significant level of product re-engineering
• retailers are ‘high profile’ with respect to enforcement
  and media
• high levels of rigorous enforcement
• intrinsic to retailer and supplier due diligence systems
  and procedures
• intrinsic to brand protection
       BRC Registered Food
        Certification Bodies
•   Argentina    •   New Zealand
•   Australia    •   Norway
•   Austria      •   Poland
•   Belgium      •   Singapore
•   Brazil       •   South Africa
•   Finland      •   Spain
•   France       •   Sweden
•   Germany
                 •   Switzerland
•   Holland
                 •   Thailand
•   Iceland
•   Ireland      •   United Kingdom
•   Italy        •   Uruguay
•   Latvia
    The Current Status of the
   BRC Global Standard- Food
• revised three times since its launch in October
• Issue 2 published in June 2000
• Issue 3 published in April 2002
• Issue 4 published in Jan 2005
• published in 7 languages with further
• used by all sectors of the Food Industry
• widely used as the framework for other
  Standards and Assurance Schemes
• on average over 6000 inspections are carried
  out every year
Other European Food Safety
  Management Standards
• IFS- French and German Retailer Standard (used
• Dutch HACCP- (used internally)
• ISO 22200- ISO Standard issued in September 2005
Farm Assurance
• AFS- Assured Farm Standards
• Euregap- European Retail Produce Good Agricultural Practices
Feed Assurance
• UFAS- Universal Feed Assurance Scheme
• FEMAS- Feed Manufacturers Assurance Scheme
• TASCC- Trade Association Scheme for Combinable Crops
   European Food Safety
  Management Standards
• all follow the same principles of
  the BRC Standard model
  e.g. accreditation, competency of
  auditor, detailed protocols
• close dialogue between Standards
• integration within the supply chain
  e.g FEMAS, AFS and BRC
                   Seed Supplier                      Pesticide                        Fertiliser                      Herbicide                   Feed Supplier                    Vet Medicines
                                                                                                                                                   Feed Assurance

                                                                                           Farm Assurance Schemes
                Primary Production               Primary Production             Primary Production            Primary Production              Primary Production                 Primary Production

                                Storage & Distribution        Storage & Distribution          Storage & Distribution         Storage & Distribution            Storage & Distribution
                                      Standard                      Standard                        Standard                       Standard                          Standard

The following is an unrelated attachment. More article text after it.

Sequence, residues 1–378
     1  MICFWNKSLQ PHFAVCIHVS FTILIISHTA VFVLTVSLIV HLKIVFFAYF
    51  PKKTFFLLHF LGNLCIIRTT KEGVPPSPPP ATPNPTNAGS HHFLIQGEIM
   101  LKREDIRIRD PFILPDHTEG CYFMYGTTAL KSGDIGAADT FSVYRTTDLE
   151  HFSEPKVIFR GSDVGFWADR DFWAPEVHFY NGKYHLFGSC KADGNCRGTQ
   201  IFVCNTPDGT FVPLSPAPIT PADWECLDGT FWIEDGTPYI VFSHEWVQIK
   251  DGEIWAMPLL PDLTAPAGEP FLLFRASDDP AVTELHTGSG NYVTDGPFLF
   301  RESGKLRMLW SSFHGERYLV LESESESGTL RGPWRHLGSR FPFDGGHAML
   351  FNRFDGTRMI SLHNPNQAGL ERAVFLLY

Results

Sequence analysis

Storage and Distribution

                                                         BRC or SME Scheme                                                             BRC or SME Scheme

                    Raw Material                                                                     Raw Material                                                                    Raw Material
                                                 Packaging                     Packaging                                                            Packaging
                     Processing                                                                       Processing                                                                     Processing
                                                 BRC/IOP                     BRC/IOP                                                               BRC/IOP

                                                                                              Storage & Distribution
                                                                                              Storage and Distribution

                                                      BRC or SME Scheme                                                                BRC or SME Scheme

                         Supplier 1                                                                    Supplier 2                                                                      Supplier 3
                                                 Packaging                     Packaging                                                            Packaging
                         Product A                                                                     Product B                                                                       Product C
                                                  BRC/IOP                    BRC/IOP                                                                    BRC/IOP

                                                                                                Storage & Distribution
                                                                                              Storage and Distribution

                                                                                                BRC or SME Scheme

                  Manufacturer 1                                                                    Manufacturer 2
                                                 Packaging                                                                               Packaging
                    Product A                                                                         Product X
                                                  BRC/IOP                                                                                  BRC/IOP
               BRC or SME Scheme                                                                Storage & Distribution